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Noble Fir
Noble Fir (Abies procera)
One of many species of fir, the noble fir was seen in the past as a symbol of strength and immorality. Medival herbalists extolled its curative powers, and today, the noble fir is used medicinally to ease coughs and soothe muscle and joint aches.

Plant Facts : The noble fir is a member of the pine family. Its straight trunk grows 165-230 feet tall, and the cylindrical cones grow upright to a length of 4-6 inches. The long, non pricking needles are distinguished by their spicy, resinlike aroma and taste.

Origin : The noble fir grows in the cooler mountainous zones of the western United states, especially the cascade Mountains of Washington and Oregon and the Siskiyou Mountains of northern California. Noble firs need shade and a good deal of humidity.

Parts Used : It is primarily the fresh needles that are used in natural medicine today.

Components : The needles contain an essential oil with high proportions of expectorant substances, such as lemon and camphor. These account for the fir's value in treating coughs. The needles also contain anti-inflammatory flavonoids, which add to the usefulness of fir needles tea. The tree offers astringent tannins, found in the bark, and turpentine, found in its resin.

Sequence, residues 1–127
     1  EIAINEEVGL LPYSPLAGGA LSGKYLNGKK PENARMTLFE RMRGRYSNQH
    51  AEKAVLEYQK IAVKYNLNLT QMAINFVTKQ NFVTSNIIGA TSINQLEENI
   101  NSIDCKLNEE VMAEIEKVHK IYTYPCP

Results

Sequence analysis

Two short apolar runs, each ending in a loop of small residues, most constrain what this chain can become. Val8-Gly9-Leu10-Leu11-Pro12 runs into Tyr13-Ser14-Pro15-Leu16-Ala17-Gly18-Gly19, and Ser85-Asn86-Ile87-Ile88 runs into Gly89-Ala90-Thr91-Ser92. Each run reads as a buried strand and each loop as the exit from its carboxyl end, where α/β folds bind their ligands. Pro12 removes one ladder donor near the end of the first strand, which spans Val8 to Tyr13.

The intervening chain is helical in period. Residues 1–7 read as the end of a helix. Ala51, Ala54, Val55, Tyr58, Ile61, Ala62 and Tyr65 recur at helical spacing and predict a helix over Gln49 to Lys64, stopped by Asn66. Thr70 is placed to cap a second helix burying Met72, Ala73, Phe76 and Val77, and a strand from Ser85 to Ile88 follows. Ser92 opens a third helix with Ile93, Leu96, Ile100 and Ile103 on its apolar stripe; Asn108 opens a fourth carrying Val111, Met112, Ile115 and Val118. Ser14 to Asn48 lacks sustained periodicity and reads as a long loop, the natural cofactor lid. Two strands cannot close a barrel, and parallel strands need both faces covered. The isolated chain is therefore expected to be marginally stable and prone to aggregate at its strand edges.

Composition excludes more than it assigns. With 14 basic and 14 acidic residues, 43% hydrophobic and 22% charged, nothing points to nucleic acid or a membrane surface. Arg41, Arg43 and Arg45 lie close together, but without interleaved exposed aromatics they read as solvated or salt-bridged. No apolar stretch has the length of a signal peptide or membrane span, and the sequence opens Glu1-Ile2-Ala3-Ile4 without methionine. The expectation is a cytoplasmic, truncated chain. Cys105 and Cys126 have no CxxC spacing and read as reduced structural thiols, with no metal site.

Indications : The essential oil promotes expectoration and is a mild antiseptic for the bronchial mucous membranes. Baths with fir needle oil have properties that stimulate the skin and promote blood circulation. The body readily absorbs the oil. For this reason, the oil is frequently included in salves and ointments that are applied topically to treat rheumatism, sprains, pulled ligaments, mild muscle pains and neuralgia. When rubbed on the temples, the oil can also relieve headaches.

A Little Lore : A fir Christmas tre keeps its needles an especially long time if its cit down 3 days before the eleventh full moon of the year (usually in November). At one time, such trees received a stamp from the forester and consequently were somewhat more expensive to take home.
For treating coughs, headaches and poor circulation

Methods of Administration

Tea : For colds with coughs, use 1 tbsp. of young fir needles per 1 cup of boiling water. Cover and steep for 10 min. drink 1 cup 3 times a day.

Fir needle oil : For headaches, add 2 drops of fir needle oil to 5 drops of a carrier oil, such as sweet almond, olive or jojoba oil. Then gently massage a few drops on the forehead and temples for 10 min.; using gentle, circular motions.

In the bath : to stimulate circulation, prepare a decoction for your bath from 7-10 oz. of fresh or dried needles. Cover the needles with cold water and bring to a low boil. Strain and add to your bathwater. Follow with bed rest for 1 hr. Or add 4 tsp. fo fir needle oil to a full bath.

Over the counter products : fir needle extracts are found in over the counter products - for example, inhalants, ointments, bath products, salves and cough drops available in health food stores for internal and external administration.